We’ve all had those moments, with lists after lists, the feeling you’ve forgotten something. We may go through days sometimes on top of everything feeling invincible, and others when we feel we are continually chasing our own tail. The seeming willingness to take more and more on, the swan on top of the water with the feet scrabbling to stay afloat. Sound familiar? You are not alone.
3 out of 4 UK adults have felt so stressed at some point over the past 12 months they have been overwhelmed or unable to cope. The “busy but I’ll be okay” can soon turn to “too much to handle” with the smallest of things, the straw that broke the camels back as the saying goes. Between university, work, family and social commitments, one can suddenly feel overwhelmed with the smallest thing snowballing to cause unnecessary stress feeling difficult to manage, toppling the ever towering Jenga of life.
When we look to set a goal or a behaviour change, whether it be sometime throughout the year, or the inevitable "New Year New Me" Resolution, we want them to succeed. This gives us a sense of achievement and fulfilment, as well as a positive behaviour change that may support our lives, health and wellbeing.
The struggles with resolutions can range from setting a goal unattainable with your life and work commitments, to facing obstacles and not being able to overcome them. With this, a 5 step process has been suggested as a way to SMASH your Resolutions - that can may I add, be made any time of the year, not just January 1st!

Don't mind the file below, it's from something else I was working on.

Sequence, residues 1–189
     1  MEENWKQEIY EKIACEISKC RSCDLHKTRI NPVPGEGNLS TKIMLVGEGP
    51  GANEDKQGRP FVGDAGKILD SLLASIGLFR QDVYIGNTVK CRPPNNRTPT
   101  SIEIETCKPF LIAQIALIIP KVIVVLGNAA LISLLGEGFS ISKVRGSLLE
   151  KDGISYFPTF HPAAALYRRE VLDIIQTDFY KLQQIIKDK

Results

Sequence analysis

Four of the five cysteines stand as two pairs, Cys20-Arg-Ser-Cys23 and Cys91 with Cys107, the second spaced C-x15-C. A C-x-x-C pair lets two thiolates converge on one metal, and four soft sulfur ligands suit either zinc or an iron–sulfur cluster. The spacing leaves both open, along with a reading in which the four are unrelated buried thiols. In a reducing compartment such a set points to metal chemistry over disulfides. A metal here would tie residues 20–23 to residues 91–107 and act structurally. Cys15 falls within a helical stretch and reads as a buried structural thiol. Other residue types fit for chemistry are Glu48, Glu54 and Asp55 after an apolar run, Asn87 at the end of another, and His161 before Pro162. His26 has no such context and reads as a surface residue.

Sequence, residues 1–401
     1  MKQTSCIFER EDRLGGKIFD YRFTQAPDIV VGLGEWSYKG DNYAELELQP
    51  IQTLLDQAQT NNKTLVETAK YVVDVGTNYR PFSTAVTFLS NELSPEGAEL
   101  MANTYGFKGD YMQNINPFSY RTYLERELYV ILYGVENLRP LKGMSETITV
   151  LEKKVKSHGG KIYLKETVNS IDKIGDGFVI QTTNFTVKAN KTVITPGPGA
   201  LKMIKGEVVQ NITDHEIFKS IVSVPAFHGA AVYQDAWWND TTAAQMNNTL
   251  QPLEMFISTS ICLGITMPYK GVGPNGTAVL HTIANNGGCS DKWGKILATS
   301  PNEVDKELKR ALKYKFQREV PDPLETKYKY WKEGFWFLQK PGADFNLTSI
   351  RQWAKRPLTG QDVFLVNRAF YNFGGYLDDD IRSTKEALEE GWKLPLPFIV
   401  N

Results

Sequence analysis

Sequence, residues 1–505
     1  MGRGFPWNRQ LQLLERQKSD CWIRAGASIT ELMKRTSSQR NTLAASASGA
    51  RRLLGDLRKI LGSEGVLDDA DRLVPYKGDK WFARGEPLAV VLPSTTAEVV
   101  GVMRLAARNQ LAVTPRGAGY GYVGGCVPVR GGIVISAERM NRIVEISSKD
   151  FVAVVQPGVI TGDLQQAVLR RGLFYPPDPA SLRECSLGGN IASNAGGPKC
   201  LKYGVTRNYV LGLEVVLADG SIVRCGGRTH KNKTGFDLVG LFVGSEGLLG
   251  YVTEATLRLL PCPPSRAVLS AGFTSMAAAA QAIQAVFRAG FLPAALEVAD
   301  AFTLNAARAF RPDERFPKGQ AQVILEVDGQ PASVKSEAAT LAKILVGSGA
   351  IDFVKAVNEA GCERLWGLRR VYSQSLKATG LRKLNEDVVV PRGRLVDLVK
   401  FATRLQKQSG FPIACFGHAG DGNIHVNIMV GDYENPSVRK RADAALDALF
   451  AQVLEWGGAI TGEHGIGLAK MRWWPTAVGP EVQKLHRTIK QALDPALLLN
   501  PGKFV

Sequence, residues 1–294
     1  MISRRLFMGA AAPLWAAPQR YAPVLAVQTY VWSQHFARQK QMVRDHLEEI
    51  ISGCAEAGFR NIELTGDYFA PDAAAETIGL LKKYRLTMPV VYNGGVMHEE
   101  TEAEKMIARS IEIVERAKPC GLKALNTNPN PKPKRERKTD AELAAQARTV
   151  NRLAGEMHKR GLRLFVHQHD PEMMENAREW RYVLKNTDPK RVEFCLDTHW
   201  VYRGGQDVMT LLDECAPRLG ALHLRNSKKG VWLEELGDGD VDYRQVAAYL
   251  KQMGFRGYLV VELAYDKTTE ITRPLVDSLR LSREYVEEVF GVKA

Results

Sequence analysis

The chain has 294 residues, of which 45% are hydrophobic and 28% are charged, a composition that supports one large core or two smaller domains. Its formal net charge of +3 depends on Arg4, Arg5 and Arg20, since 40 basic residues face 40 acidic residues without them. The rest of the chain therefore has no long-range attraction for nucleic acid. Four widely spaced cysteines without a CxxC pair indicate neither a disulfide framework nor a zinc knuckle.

As the government reintroduces it’s work-from-home guidance, many are feeling their sense of normality slowly slipping, reversing back to the groundhog days of 2020.
Discussions of reverberating rules and restrictions echoing back and forth can lead one to feel exhaustion, fatigue and anxiety of the future. Recent research has found that although adherence to measures remains high, people are suffering with the seemingly backwards step so close to the festive holidays. This feeling of tiredness and exhaustion is termed “Pandemic Fatigue” or “Restriction Fatigue”, simply put - it’s at the point where short term measures and behaviour adaptations to the pandemic become longer term and longer lasting, without an end point in site. When the goal posts are moved and moved, the sprint becomes a marathon and the adherence to measures becomes more of longer lasting behaviour change, seeping in to our new sense of normality.
Dr Rachael Molitor